NIGERIA, the most populous nation in Africa is getting darker and darker by the day due to incessant and often recurring power outages that have plagued the country for far too long. Unfortunately, power blackout in Nigeria is as old as Methuselah. The phenomenon is nothing new; it has been there for ages. However, it is a result of a long history of neglect, derisory maintenance, and inadequate investment in power generation by the past governments. So, the consistent power outage in Nigeria is emblematic of failed leadership of the past administrations.
But this time the frequency and scope of power failures have aided to bring the issue to the consciousness of populace that seethe in hopelessness. Power blackout has now been catapulted to a top national menace where everyday occurrence of power failures is harshly unbearable. It is affecting every aspect of the society and consequently the economy of Nigeria is suffering.
Disappointingly, the power blackout is massive and no area of the nation is immune from it. Some areas may be experiencing the worst of the power failures than others because of their frequency and duration. People are complaining bitterly about the situation, but their bitterness may be prolonged due to the illusory solution to the problem. I can personally empathize with people living in Nigeria because of my own experience. I was in Nigeria in December 2015 and March 2016 and there was no time we received power for up to two hours in a 24-hour period. Suffice to say that full current was a thing of the past. Some days we sweated it out without electricity at all and it made our stay miserable.
With the hot temperature in Nigeria, many of us could not sleep without air. The fall back generator was not enough to provide the quality air we needed. The situation could cause one to fall ill. But the people at greatest risk for heat-related illnesses are old people, overweight people, infants and children, pregnant women, as well as people who have pre-existing conditions or are on certain type medical therapy. These are the most vulnerable population a nation has. The agony of the heat could be seen written all over their faces as they pray for succor.
It is undeniably clear that power is the engine of every nation’s economy. Thus, to propel the economy, a nation needs a reliable and consistent power supply. In other words, power outage impacts a country’s economy negatively. No group suffers more due to power failures than small-scaled industries and family businesses that depended heavily on power supply for the production of products and operation of their businesses. The business operations grind to a halt when power fails. In some cases series of equipment are affected because of sudden interruption of electricity.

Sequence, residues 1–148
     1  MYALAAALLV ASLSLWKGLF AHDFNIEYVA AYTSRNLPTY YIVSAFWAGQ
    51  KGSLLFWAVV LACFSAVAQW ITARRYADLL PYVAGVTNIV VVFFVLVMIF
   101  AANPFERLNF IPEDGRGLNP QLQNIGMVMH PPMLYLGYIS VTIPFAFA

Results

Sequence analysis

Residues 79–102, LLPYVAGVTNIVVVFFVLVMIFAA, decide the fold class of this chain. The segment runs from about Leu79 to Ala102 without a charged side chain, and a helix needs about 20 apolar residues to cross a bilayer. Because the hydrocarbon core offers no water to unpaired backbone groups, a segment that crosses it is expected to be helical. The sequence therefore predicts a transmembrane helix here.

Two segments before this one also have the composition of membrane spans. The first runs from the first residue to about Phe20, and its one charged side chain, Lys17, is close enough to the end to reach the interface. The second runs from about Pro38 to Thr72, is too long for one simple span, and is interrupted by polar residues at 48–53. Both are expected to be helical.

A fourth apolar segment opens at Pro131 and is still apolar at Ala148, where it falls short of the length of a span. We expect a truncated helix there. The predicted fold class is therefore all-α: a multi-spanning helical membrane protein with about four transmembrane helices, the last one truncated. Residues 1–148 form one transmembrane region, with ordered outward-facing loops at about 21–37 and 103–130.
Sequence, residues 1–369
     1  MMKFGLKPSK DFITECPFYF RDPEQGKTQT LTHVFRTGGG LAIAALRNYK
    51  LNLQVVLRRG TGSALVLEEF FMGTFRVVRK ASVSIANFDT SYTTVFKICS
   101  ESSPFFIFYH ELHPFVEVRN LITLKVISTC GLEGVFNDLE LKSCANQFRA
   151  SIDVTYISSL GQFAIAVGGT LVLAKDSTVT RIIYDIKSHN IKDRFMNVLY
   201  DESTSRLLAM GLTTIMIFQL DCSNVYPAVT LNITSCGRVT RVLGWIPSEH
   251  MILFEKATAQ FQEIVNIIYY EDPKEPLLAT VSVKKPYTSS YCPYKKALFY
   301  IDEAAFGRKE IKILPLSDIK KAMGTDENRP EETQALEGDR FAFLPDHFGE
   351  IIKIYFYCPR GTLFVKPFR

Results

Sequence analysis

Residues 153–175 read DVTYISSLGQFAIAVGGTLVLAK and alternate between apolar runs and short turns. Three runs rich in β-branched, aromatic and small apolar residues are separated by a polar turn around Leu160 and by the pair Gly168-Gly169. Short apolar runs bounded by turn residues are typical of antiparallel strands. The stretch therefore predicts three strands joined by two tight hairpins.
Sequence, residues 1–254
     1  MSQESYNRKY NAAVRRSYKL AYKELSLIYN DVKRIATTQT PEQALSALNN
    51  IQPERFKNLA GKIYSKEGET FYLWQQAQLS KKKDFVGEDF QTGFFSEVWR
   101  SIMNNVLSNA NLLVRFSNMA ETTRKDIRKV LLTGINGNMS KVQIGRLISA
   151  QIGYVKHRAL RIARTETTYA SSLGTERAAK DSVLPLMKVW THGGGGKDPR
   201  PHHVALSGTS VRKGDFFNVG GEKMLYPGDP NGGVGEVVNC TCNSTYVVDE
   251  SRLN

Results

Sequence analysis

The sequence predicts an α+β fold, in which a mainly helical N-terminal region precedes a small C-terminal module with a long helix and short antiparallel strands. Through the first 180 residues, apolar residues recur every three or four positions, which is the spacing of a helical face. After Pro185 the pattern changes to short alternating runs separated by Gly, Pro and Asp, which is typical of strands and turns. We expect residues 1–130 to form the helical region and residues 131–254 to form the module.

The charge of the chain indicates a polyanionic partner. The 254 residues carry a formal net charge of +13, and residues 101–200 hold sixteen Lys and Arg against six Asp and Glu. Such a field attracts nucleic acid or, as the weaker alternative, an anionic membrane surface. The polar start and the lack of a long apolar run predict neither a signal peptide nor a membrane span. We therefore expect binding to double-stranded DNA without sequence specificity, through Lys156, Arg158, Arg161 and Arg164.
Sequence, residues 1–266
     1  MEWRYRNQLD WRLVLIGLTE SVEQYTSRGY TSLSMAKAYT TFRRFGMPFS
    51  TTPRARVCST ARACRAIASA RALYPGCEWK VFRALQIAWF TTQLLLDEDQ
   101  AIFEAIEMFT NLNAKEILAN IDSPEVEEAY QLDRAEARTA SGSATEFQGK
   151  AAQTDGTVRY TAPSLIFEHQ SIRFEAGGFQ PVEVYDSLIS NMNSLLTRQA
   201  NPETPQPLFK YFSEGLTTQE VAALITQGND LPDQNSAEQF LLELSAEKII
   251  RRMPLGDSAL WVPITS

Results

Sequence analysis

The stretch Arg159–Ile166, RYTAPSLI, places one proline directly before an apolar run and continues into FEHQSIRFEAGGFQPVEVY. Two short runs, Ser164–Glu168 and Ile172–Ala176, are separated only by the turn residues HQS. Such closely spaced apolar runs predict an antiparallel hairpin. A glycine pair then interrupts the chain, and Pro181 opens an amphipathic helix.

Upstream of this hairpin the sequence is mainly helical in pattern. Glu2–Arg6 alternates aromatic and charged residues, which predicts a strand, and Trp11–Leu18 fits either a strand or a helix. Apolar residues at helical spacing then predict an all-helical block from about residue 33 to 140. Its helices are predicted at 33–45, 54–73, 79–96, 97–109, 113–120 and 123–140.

In some cases the power outages are capable of completely shutting down the operations of small companies or big companies that are unprepared for the sudden and significant interruptions of power supply. With a sustained power blackout, some critical public and private infrastructures could be severely affected. Hospitals, airports, seaports, water supplies and supplies of other goods and services could completely come to a halt thereby impacting both the micro-and macro-economic elements of the nation.
The federal government should encourage the building of a robust and resilient electric power system. It should also look into alternative sources of energy. It should invest in the future as it acquires the latest technology. The electricity system should be operating old and antiquated equipment in the 21st century. Many countries are constantly investing in the future in regard to their energy supply because power is intertwined with every fabric of a nation. Also, updating the system with current technology would ensure that any interruption would be minimal. Fearing that the cost of severe power interruptions on the economy would be enormous, some countries work diligently to update their system constantly. They plan for the future.
On November 27, 2014, the UK’s Royal Academy of Engineering published a report prepared for the Prime Minister’s Council for Science and Technology on the cost of electricity blackout. The report stated that based on UK’s dependence on electricity supply, any “significant interruption to electricity supply would have severe economic consequence.”
“In this report we have looked at the methods used to quantify the economic risk and the social impact, and found them wanting.” says Dr. John Roberts CBE FREng, a member of the report working group.
“A nationwide blackout lasting for longer than 48 hours could have a severe impact on society; while this scenario is highly unlikely we saw only last winter the impact of severe weather on the south of the country, with power cuts over Christmas. There are obvious political impacts as well – our historical high levels of supply in the UK mean we are accustomed to continuous power supply.”
“Current estimates show that we need to spend upwards of £200 billion over the next decade to update and decarbonise our electricity supply infrastructure. We have not invested on that scale since the 1960s and we do not have a good yardstick to compare the potential cost of infrastructure investment with the cost to society of major power outages.”
Policymakers in Nigeria should understand that there are human and economic costs arising from incessant power outages. No one would be risible to be in the heat due to power failure, especially people who are suffering ailments.